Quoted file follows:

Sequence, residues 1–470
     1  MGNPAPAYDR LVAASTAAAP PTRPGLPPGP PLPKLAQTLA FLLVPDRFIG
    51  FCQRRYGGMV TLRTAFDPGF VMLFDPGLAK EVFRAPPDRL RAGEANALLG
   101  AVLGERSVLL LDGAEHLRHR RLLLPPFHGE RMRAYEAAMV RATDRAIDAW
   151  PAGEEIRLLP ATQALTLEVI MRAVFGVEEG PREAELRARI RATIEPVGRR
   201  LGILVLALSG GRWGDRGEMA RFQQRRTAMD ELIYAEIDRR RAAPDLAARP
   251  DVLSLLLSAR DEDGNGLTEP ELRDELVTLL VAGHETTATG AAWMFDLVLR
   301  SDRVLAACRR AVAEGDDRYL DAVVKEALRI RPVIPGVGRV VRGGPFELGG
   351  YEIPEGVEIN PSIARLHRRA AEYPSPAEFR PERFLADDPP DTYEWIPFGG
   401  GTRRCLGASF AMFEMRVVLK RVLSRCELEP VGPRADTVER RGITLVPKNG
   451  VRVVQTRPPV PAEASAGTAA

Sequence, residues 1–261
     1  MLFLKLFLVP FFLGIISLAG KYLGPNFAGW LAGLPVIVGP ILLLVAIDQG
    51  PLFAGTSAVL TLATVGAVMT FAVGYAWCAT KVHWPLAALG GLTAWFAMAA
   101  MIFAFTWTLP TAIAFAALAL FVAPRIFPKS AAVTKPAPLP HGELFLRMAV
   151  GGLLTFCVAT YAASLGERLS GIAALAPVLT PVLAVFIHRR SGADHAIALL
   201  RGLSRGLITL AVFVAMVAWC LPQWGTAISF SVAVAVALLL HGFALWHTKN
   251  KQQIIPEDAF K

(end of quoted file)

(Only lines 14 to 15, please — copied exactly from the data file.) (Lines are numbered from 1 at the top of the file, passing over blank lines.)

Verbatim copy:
    51  PLFAGTSAVL TLATVGAVMT FAVGYAWCAT KVHWPLAALG GLTAWFAMAA
   101  MIFAFTWTLP TAIAFAALAL FVAPRIFPKS AAVTKPAPLP HGELFLRMAV